Difficult customers can give customer support a hard time. Still these customers are a great asset for any company, as in most cases the level of customer support offered by the company will be judged by how their agents handle difficult situations and not how they accept praises.
Learning to communicate with dissatisfied customers effectively is the essential part of the customer service training. It is no secret that many reps when faced with an angry client fail to maintain their competence and fall into being defensive, submissive or aloof. None of these behaviors unfortunately can be associated with great customer service.
Whence come the difficulty?
So why is it always difficult to communicate with a customer who is disgruntled? It seems that although we may have learned to keep calm on the surface and remain polite to the customer, we still treat them as an enemy, someone who is taking out their aggression on us, while in fact we should position ourselves as the customer’s ally.
Despite the fact that customer service is hired by the company, it is hired to look after the best interests of the customer and not the company.
The major mistake in the customer service vision
Customer service reps are used to thinking of themselves as the advocates for the company, which is the biggest attribute of the wrong customer service vision. With this mind-frame they raise a wall between themselves and the customer, which prevents effective communication and makes it impossible to arrive at a solution.
If we see someone as an enemy and aggressor, emotional detachment, hostility or nauseating obedience on our part are an inevitable reaction. And the customer can’t help but to feel it. Even if a solution to their problem has been offered, they are less likely to leave with a good impression of their experience.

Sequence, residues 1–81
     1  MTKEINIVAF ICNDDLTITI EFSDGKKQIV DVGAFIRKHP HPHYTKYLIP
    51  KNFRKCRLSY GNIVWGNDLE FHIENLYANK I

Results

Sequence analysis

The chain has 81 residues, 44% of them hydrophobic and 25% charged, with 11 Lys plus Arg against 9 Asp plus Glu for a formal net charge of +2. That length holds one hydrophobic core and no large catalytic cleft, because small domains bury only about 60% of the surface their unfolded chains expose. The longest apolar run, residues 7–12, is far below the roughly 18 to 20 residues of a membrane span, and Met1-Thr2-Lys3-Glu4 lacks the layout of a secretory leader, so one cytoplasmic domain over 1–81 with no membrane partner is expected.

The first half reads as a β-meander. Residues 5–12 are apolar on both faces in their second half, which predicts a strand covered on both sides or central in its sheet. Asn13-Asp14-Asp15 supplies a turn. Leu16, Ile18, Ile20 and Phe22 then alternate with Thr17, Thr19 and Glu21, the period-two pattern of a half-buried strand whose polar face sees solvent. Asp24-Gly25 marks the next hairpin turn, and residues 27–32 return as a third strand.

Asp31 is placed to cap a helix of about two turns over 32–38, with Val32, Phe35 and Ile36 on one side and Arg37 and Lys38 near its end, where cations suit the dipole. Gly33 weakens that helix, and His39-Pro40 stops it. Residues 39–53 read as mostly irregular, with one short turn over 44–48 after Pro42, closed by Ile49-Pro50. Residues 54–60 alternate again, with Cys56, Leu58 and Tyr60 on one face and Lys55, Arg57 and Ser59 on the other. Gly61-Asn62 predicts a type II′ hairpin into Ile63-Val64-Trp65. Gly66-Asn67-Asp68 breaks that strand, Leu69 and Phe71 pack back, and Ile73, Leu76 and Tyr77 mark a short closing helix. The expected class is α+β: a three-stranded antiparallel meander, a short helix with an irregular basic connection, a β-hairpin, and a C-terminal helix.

How to treat the angry customer correctly
The primary task here is to cultivate the proper vision of your role as a customer service link. You are to think yourself in the same camp with the customer, his confidant in a way. If he is angry, he is angry at the situation and not at you personally. In fact you are his hope and he is turning to you for help. You are to go out for him and explore the situation and suggest possible solutions.
So the first step:
- Be genuinely on the customers side, and make sure to let them know about it, so that they don’t feel you only pretend it.
The rest should come easy, just as it would if you were communicating with a team member:
- Be friendly with the customer, but keep respectful and polite tone
- Listen carefully to their problem to make sure you understand everything correctly, ask questions
- Employ all the resources to find a solution to the customer’s problem, consult appropriate people when necessary. While you are doing this, let the customer know that you are doing it, never leave them wondering
- When a solution is known/found, inform the customer about it, but remain impartial whether it is negative or positive
- If a response to the customer’s problem is negative, concentrate on the alternatives. Describe all possible solutions and offer your help exploring/utilizing them
Finally, keep calm!
Please feel free to share your thoughts and experiences in the comments. We’d love to hear about them.
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